In the complex world of nonprofits, hiring a consultant can feel like trying to figure out how to summon a wizard to solve your organization’s most pressing challenges. While consultants possess a particular expertise, nonprofits can sometimes stumble into avoidable mistakes during the process of hiring a consultant for strategic planning, fundraising development, board development, marketing funnels, etc. 

We want to help you think about how to avoid these common mistakes. So for your reading pleasure, let’s take a bit of a lighthearted approach through the five (sometimes entertaining and yet very real) mistakes nonprofits tend to make when hiring a consultant.

1. The “Mysterious Expectations” Mistake:

Nonprofits can often fail to clarify their expectations with consultants. This creates a mysterious and suspenseful atmosphere akin to a Sherlock Holmes mystery. The consultant arrives not knowing if they are expected to perform a grand transformation or merely provide advice. To avoid this blunder, it is helpful for nonprofits to communicate their goals and desired outcomes as clearly as possible. A little transparency can prevent the plot twists that come from mismatched expectations.

Pro Tip:
A good nonprofit consultant can help you figure out exactly what you need before a proposal is ever created because they should be looking to rightsize their services with your needs.

2. The “Magic Bullet” Mistake:

Every once in a while we come across a CEO or Executive Director who believes that a consultant possesses something like a magic wand that can instantly solve their problems. They hope to see immediate results, like a rabbit pulled from a hat. While consultants sometimes think more of themselves than they should, they are certainly not magicians. Real change; deep change; lasting change takes time. Avoid this blunder by setting realistic timelines and understanding that meaningful progress often involves multiple phases.

Pro Tip:
Make sure you are including change management planning into whatever deliverables you are discussing (including timelines and KPIs). You should know when to expect results and the actionable tactics you will need to get there.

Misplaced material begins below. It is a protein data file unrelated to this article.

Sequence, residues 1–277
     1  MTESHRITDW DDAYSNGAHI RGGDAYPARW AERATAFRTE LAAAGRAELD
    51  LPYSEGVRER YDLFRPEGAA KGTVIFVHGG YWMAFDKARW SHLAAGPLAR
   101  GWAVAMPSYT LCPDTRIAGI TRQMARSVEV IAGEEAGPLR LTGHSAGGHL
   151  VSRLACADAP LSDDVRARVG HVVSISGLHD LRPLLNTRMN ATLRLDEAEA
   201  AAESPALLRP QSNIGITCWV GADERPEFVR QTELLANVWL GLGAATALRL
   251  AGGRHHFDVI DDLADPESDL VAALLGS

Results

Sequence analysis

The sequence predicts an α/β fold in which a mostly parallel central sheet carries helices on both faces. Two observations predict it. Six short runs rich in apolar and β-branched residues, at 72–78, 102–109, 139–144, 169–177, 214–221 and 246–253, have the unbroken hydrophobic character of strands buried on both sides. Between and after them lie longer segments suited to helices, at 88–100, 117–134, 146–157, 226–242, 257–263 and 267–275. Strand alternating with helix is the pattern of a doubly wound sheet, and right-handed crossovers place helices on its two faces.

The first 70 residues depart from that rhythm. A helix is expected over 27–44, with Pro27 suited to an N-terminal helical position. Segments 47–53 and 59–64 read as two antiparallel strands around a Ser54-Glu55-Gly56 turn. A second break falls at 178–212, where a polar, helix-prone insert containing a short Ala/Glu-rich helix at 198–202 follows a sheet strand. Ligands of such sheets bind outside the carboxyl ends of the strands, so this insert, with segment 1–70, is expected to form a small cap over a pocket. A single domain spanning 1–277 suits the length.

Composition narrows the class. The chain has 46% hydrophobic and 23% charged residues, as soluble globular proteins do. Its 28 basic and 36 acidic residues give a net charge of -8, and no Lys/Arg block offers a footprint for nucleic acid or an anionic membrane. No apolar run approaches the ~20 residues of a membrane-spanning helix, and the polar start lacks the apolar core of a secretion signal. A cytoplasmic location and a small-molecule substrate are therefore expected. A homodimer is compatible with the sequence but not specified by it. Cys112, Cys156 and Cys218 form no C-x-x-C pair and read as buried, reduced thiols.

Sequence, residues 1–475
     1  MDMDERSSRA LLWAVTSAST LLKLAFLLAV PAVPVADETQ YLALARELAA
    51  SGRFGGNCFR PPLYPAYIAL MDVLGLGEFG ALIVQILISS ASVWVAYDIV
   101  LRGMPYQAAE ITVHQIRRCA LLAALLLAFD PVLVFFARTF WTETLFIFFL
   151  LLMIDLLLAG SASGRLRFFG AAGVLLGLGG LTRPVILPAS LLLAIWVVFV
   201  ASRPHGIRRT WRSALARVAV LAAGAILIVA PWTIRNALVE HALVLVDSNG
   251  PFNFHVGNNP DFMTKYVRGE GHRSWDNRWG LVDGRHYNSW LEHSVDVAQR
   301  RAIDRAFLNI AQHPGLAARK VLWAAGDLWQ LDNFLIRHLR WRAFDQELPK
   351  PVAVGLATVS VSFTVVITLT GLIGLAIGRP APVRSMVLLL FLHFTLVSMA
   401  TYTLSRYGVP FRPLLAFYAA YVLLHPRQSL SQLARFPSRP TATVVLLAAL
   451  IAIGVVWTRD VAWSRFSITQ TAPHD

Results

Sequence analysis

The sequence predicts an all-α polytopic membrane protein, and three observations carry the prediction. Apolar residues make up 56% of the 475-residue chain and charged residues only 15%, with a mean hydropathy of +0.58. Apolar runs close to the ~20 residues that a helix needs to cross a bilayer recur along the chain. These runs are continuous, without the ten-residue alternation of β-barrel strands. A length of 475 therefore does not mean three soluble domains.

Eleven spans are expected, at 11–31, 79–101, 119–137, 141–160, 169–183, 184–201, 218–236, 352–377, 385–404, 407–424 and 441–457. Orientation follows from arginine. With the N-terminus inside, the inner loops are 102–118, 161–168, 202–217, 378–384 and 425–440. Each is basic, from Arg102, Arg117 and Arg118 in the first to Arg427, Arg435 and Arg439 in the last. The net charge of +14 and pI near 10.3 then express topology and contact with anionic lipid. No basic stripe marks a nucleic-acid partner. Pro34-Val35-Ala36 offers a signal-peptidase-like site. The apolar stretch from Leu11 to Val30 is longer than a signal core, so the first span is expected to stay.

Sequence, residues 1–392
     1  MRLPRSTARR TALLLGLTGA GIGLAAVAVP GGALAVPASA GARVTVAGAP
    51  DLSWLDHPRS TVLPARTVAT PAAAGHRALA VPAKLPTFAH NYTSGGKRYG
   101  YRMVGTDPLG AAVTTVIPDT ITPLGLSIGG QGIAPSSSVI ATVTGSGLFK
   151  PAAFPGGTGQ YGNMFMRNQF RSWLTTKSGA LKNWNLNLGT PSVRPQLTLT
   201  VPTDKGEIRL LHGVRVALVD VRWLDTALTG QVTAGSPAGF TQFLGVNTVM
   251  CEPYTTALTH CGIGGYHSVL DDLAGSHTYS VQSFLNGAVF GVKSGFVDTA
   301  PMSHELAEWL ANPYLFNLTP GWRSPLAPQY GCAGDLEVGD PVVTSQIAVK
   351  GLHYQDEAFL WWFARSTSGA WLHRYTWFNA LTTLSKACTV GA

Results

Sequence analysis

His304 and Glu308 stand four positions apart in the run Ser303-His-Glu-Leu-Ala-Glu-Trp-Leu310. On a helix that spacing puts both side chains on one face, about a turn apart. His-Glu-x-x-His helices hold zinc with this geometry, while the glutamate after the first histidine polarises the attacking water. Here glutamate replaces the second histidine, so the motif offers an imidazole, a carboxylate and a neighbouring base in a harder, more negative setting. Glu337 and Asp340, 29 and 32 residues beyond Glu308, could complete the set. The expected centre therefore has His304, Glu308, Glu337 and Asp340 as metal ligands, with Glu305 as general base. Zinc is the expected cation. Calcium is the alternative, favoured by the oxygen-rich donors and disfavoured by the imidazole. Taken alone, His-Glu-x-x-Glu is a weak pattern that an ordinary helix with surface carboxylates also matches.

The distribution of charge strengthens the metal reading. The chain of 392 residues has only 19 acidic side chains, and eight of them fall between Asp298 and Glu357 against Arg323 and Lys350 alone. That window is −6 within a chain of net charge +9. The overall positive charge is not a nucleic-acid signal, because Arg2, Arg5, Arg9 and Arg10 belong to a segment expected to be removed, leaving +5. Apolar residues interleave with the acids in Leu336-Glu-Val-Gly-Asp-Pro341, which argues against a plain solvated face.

3. The “Budgetary Blindspot” Mistake:

Imagine trying to purchase a new Tesla but only budgeting for a Honda Civic. This is similar to the mistake some nonprofits make when looking to bring in a strategic outsider: they attempt to hire a world class consultant on a shoestring budget. To avoid this pitfall, budget realistically for consultant fees and allocate resources accordingly. After all, even “wizards” require compensation.

Pro Tip:
We tend to do our best work with medium-sized-to-larger nonprofits. When you are gathering information from potential consultancies, get a sense of their sweet spot so you are matching your dollars with the firepower you need.

4. The “One-Size-Fits-All” Mistake:

Nonprofits occasionally believe that a consultant who worked wonders for another organization will automatically work miracles for them. It is akin to assuming that Harry Potter’s wand will work perfectly for everyone or attempting a blood transfusion with a mismatched blood type. Every nonprofit is unique and the process or solution for one organization will not work for all.  

Pro Tip:
When you are in the proposal phase, be sure to tailor the consultant’s role, strategies and process to your organization’s specific needs and culture. Be as specific as you can about your uniqueness, what your culture feels like and previous experiences with outside strategic advisors. 

5. The “DIY Detour” Mistake:

Sometimes nonprofits hire a consultant but then attempt to micromanage the entire process. This is like hiring a tour guide and then insisting on driving the bus yourself. Overtaking the consultant restricts their expertise and threatens to derail the process altogether. Relax and trust the consultant’s guidance and let them lead while actively participating in the process.

Pro Tip:
Build trust early, even before a contract is signed. You want to have confidence that the person you are hiring is not only able to be the expert “in the room” but has the attention to detail needed to skillfully manage the process. Ask them to show you how management happens so that when it comes time to release control, you have made an informed decision.

Final Thoughts

In the pressure-filled world of nonprofits, hiring a consultant can be a challenging adventure that involves suspense and potential pitfalls. However, by avoiding these common mistakes nonprofits can ensure a smoother journey toward their goals and moving their mission forward. 

Remember, consultants are not magicians but with the right partnership and approach they can certainly help nonprofits create their own magic in the world of social change. So, embrace the consultant’s expertise, avoid these mistakes, and watch your nonprofit flourish with a touch of professional wizardry!

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